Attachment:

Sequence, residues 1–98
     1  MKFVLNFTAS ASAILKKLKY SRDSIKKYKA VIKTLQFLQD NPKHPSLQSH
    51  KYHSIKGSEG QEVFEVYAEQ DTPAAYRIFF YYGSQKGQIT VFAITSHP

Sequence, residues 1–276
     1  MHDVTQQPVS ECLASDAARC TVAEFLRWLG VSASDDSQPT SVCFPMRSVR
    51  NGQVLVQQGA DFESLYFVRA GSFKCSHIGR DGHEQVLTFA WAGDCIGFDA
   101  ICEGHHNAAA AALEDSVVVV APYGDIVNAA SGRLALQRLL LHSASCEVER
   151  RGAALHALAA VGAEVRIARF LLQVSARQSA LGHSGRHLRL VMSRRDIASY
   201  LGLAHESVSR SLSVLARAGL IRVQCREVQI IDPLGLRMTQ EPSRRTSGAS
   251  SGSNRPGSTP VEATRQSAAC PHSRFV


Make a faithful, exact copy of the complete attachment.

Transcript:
Sequence, residues 1–98
     1  MKFVLNFTAS ASAILKKLKY SRDSIKKYKA VIKTLQFLQD NPKHPSLQSH
    51  KYHSIKGSEG QEVFEVYAEQ DTPAAYRIFF YYGSQKGQIT VFAITSHP

Sequence, residues 1–276
     1  MHDVTQQPVS ECLASDAARC TVAEFLRWLG VSASDDSQPT SVCFPMRSVR
    51  NGQVLVQQGA DFESLYFVRA GSFKCSHIGR DGHEQVLTFA WAGDCIGFDA
   101  ICEGHHNAAA AALEDSVVVV APYGDIVNAA SGRLALQRLL LHSASCEVER
   151  RGAALHALAA VGAEVRIARF LLQVSARQSA LGHSGRHLRL VMSRRDIASY
   201  LGLAHESVSR SLSVLARAGL IRVQCREVQI IDPLGLRMTQ EPSRRTSGAS
   251  SGSNRPGSTP VEATRQSAAC PHSRFV